You guys know I love Fitness Blender. I really do. To have workouts this comprehensive and professionally done provided to people FOR FREE is truly admirable and shows that they care about people and not profit. Their workouts have changed my life and really have made me feel joy at doing physical activity. I never dread going up and doing my workouts, in fact I'm always excited to see if today's the day that I can lift heavier on certain motions or do jump squats instead of regular squats, etc. Hitting those milestones has brought a lot of pride and self confidence into my life that I didn't really have before. My body has changed in ways that I never dreamed or expected, and they've changed the way I've viewed fitness and activity and how it fits into my life. I'm very thankful they exist.
You guys sense the "but" coming, don't you?
The one subject that I pretty heavily disagree with them on is eating, not so much the nutrition aspect, but their pretty heavy disapproval of calorie counting. Kelli released a video a few months back on her journey to health, and when she was younger suffered from disordered eating. She fell into obsessive and dangerous habits with calorie counting, and basically now uses intuitive eating instead. She frequently makes negative comments on calorie counting in any recipe or nutrition post they share, and the subtext seems to be that ANY form of calorie counting is disordered eating. It really makes me uncomfortable and frankly pisses me off a bit, but I just kind of ignore it and do my thing that I know works. Kelli's experience is hers, and mine is mine, both are valid. Then I saw this exchange under a recipe post yesterday that set me off:
Here's a counter perspective to those that demonize calorie counting. Calorie counting has quite literally saved my life and trying to eat strictly with intuitive eating leads to bad things for me. There are some of us who simply don't register "full" during meals, and I am one of them. I speed eat every meal as though it's my last despite years of trying to break that habit, which causes me to overeat if I'm free ranging so to speak. (Not to mention that left to my own devices I always "intuitively" need 3 cupcakes and 3 burgers a week, you know what I mean?) Using calorie counting and portioning has removed this battle from my daily life and has actually trained me to recognize when I'm full. I used to have a lot of shame, stress and anxiety around food that I have managed to eliminate by using calorie counting instead of a vague "eat healthfully" eating style. It took a once mysterious and complicated issue and made it very simple, and tracking my food encompasses about 3 minutes of my life per day. It's honestly a huge weight off of my mind and spirit and makes me regret that I didn't have this come to Jesus with myself years ago. It really is simple and a lot like budgeting. I've got so much a day to "spend" and I make smart choices based on what I have in my calorie bank. Do I sometimes pull from "savings" for a a treat I really want? You bet your ass I do, and I don't feel bad about it, I just course correct a little the next day. I'm also at the point where in some instances, I can trust myself to rely on intuition. If I'm sitting on the couch at night after dinner and my stomach is rumbling with genuine hunger, it lets me know that I likely underestimated my calories burned for the day after a tougher workout, so I get up and get a banana, nuts or some popcorn and have a little something extra. No biggie. For me personally, calorie counting has given me freedom rather than restriction.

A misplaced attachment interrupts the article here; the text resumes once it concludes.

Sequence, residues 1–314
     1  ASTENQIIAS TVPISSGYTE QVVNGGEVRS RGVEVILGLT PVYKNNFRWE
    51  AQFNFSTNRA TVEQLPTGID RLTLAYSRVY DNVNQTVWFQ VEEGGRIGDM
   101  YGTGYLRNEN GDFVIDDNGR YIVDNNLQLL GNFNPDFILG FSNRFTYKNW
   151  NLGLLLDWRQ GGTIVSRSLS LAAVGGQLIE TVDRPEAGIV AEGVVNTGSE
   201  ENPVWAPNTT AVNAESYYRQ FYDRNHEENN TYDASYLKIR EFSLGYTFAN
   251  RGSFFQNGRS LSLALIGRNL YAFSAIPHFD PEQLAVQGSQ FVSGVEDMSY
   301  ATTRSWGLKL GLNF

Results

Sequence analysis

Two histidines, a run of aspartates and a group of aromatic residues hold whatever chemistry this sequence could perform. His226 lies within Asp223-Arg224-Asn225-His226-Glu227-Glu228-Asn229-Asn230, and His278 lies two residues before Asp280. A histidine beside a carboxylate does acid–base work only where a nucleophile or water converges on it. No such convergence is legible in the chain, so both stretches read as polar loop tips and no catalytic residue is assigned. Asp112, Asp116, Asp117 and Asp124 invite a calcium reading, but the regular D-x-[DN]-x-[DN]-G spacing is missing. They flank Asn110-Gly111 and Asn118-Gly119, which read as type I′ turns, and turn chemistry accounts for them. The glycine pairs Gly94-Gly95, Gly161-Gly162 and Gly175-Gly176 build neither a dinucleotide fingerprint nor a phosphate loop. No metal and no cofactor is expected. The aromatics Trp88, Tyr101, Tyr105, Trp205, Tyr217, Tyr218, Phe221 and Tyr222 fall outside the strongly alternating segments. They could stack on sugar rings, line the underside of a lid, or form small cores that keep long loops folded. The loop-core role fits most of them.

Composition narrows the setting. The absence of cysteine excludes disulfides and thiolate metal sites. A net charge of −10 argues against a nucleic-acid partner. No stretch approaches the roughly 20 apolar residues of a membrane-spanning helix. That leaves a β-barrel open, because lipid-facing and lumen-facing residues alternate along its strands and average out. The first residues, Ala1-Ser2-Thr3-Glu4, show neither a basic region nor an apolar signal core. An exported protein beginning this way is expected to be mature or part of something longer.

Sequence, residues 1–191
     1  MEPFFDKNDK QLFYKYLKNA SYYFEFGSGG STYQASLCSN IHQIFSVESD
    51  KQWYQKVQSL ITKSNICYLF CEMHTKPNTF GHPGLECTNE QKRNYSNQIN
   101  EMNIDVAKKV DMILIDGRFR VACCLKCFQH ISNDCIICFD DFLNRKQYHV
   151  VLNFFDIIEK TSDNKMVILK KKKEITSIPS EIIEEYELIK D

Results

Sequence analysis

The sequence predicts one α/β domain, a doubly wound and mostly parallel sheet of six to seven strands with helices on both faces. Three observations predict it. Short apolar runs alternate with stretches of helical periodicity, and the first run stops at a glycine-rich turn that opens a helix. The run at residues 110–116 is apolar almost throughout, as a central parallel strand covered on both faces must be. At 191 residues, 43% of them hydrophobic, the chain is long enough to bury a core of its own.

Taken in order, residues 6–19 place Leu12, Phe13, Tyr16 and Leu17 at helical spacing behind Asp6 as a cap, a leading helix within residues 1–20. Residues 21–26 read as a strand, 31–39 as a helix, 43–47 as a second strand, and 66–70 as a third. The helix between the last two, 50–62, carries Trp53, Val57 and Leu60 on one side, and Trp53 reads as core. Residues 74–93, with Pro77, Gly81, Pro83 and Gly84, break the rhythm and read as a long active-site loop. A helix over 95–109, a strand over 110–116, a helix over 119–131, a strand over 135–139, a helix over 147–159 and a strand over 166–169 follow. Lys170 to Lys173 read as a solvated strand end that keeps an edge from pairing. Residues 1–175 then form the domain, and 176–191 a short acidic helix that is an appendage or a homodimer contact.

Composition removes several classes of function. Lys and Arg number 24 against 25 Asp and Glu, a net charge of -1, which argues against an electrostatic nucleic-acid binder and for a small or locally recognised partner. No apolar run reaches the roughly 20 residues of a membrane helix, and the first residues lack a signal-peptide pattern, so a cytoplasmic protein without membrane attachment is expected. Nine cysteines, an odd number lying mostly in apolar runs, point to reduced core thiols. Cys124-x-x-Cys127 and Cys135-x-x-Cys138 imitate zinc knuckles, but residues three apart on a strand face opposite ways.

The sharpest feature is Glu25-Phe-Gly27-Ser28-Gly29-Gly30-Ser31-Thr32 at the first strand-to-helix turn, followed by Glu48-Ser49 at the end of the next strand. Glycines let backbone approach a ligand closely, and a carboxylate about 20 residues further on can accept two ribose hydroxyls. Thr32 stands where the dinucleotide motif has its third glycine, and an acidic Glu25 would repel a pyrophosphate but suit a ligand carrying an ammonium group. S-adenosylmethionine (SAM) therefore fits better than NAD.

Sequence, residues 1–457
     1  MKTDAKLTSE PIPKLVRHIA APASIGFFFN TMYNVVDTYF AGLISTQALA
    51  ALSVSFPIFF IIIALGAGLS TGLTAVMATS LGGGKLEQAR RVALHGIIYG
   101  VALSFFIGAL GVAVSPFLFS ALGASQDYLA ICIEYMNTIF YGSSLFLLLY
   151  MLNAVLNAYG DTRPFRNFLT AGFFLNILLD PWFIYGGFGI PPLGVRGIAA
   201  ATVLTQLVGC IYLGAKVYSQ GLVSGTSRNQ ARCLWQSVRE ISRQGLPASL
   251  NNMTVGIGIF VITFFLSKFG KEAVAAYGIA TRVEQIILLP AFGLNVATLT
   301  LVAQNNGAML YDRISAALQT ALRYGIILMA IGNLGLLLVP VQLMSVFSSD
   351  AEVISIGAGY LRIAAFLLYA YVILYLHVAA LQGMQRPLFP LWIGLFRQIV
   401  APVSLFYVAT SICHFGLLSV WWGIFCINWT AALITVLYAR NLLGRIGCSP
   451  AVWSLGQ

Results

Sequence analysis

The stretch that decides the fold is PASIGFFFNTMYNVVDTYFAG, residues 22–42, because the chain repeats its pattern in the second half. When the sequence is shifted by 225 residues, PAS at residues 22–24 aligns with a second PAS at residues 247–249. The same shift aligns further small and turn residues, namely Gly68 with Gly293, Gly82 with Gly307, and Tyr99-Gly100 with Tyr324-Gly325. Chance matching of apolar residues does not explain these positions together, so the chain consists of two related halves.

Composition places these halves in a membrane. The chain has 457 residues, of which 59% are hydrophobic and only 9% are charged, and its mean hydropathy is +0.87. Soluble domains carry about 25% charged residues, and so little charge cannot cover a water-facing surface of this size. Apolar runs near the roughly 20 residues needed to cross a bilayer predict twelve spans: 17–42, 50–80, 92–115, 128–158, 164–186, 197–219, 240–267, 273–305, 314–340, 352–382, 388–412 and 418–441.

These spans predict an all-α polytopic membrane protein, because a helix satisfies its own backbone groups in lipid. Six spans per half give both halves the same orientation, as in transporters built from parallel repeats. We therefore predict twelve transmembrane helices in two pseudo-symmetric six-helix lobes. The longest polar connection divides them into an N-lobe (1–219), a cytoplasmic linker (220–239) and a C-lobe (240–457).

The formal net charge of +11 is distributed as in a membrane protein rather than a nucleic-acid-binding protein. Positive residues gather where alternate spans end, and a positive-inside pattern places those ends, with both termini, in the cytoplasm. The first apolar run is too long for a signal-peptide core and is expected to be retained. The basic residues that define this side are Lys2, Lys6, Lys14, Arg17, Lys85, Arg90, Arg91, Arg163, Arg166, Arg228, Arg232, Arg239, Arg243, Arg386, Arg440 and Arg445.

Calorie counting is a tool and just like any tool, it can be abused by the person using it. This goes for about a million things including exercise, medication, the internet, so on and so forth. I do understand that people with eating disorders or people who get obsessive should likely NOT use calorie counting. Totally valid. I just really am a bit irked that some people twist it to where any form of calorie counting is somehow an eating disorder, and that "normal" people don't calorie count. It is unfortunate if calorie counting causes you to be obsessive or have a bad relationship with food, but just as I wouldn't make the blanket statement that intuitive eating always leads to overeating for everyone, I think it's unfair and slightly irresponsible to imply that calorie counting is an unhealthy behavior that will lead to an eating disorder for others.
The thing that makes me sad is that Kelli and I are on the same side ultimately. Food shouldn't be a battle and life should be balanced. A majority of your diet should be a mix of fruits, vegetables, lean protein, heart healthy fats and grains, but you should also allow for those simple pleasures such as a really nice dessert, beer, cheese or whatever your thing is. Holidays, vacations and special events shouldn't be about stress or guilt and what you should or shouldn't eat. That's exactly the life I (and many others!) am able to lead via calorie counting, and it would be nice if there weren't scare tactics surrounding it!